How To Grow Pattypans

When planning your vegetable garden, pattypans are probably not the first vegetable to come to mind. To be honest, they’re probably near the bottom of my list and a vegetable I normally avoid in the grocery aisle. But in the garden, they can be incredibly rewarding plants that deliver impressive harvests with very little effort.

This summer, consider adding pattypans to your squash patch for some added variety without the extra maintenance.


Late spring or early summer is the perfect time for pattypan planting. Seeds can be sown directly into the ground or into small pots for later transplanting. Amend soil with compost before planting but avoid adding too much nitrogen if you’re looking for a full harvest. Don’t plant in compacted soils that don’t drain well as this can lead to blossom drop and withered fruit. Germination is quick, with the first greenery popping up within two weeks.

Thin the seedlings out to a spacing of around half a meter to a meter – these plants have a large spread. When growing several plants at once, it can help to add markers after planting to indicate where the centre of the plant lies for watering. Alternatively, install drip irrigation to completely saturate the soil without getting any moisture on leaves and fruits.


For strong fruit development, regular watering is key. Allow the soil to dry out between waterings while the plant becomes established, watering more often as flowers emerge and fruits start to develop. When the weather is warm, you may need to water as often as two or three times a week to prevent wilting and to improve harvests. Feed with a low-nitrogen fertiliser once per month (depending on type and concentration), beginning just before flowering, to increase yield.

Keep an eye out for fungal issues in wet weather, especially in humid regions of the country. Like other squashes, pattypans are prone to problems like powdery mildew that can quickly spread throughout a patch if not controlled. As these issues are difficult to get rid of, its best to plant early and harvest before the bulk of the rainy season kicks in. Also avoid watering overhead to keep droplets off the leaves and fruit and space correctly to improve airflow.


Your plants will be ready for harvest in around two months from planting. As good as the colours look in your vegetable patch, it’s best to harvest often to encourage more fruit production. Trim the fruit off the stem with a pair of sharp shears and bring indoors for a delicious summer dinner.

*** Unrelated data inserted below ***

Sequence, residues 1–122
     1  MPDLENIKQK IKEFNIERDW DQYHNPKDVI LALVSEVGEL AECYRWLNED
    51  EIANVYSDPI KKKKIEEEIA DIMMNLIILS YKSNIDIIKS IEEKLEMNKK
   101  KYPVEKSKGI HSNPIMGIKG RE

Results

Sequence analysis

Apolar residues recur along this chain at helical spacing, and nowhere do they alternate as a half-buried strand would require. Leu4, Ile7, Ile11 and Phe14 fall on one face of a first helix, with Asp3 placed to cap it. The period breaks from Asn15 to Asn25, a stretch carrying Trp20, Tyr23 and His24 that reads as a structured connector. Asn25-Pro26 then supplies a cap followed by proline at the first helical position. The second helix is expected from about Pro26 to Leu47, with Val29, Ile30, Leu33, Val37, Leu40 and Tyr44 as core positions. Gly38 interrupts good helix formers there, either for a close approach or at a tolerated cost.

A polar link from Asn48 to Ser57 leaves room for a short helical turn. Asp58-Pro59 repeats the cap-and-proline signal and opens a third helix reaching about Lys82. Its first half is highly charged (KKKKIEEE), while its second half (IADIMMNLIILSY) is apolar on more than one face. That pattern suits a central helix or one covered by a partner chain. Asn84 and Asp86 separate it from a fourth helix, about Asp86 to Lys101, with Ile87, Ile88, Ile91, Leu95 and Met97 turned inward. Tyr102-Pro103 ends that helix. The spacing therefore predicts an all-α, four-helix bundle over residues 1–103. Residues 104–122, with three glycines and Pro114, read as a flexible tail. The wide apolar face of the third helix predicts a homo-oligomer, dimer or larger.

READ MORE: Learn how to make a delicious lemon pattypan sweet bread.


For a colourful harvest, plant different types of pattypans together. This provides more interest not only in the garden, but also in the dishes you use them in. There is also variety in size between hybrids, allowing you to tailor your choices to your garden and kitchen needs.

Frikkie’s Tips

Frikkie Janse van Rensburg is Starke Ayres’ Product Manager specialising in lettuce, indoor pepper, cucumber, scallops and zucchini.

Pattypans are a member of the cucurbit family and are grown throughout the world. The ideal soil temperature for germination is between 20 – 25°C (minimum 16°C) and the ideal temperature for growth is between 18 – 24°C.

Best results are obtained with well-drained soils. Low salt levels and high organic matter are preferred with a soil pH of 5.8 – 7.0. The soil should be thoroughly prepared and deeply loosened before planting. Any residue from previous crops should be well-rotted.

All marrows are sensitive to cold temperatures and frost will kill young plants and damage older ones. The crop can be planted anywhere there is no danger of frost during the growing period.

Most pattypans are planted directly into the soil. Seedlings must be transplanted before they become root-bound in seed trays.

Pattypans respond well to organic fertilisation but will often also need supplementary inorganic applications to obtain best results. After a few years of building up the soil with organics, the inorganic component will become less important.

Water requirements will vary with soil type, season and growth stage. Avoid over-irrigation and waterlogging. The amount of water needed is generally 25 – 40 mm per week. Drip irrigation is preferred as the leaves remain dry. Plastic mulching is often used in winter to increase soil temperature and speed up growth. Weed control is also facilitated. A sharp knife is used to cut the fruit from the plants. Fruit should be washed thoroughly before eating. Look out for Starke Ayres pattypan variety Squash Patty Mix available at retailers countrywide. www.starkeayres.com

The Gardener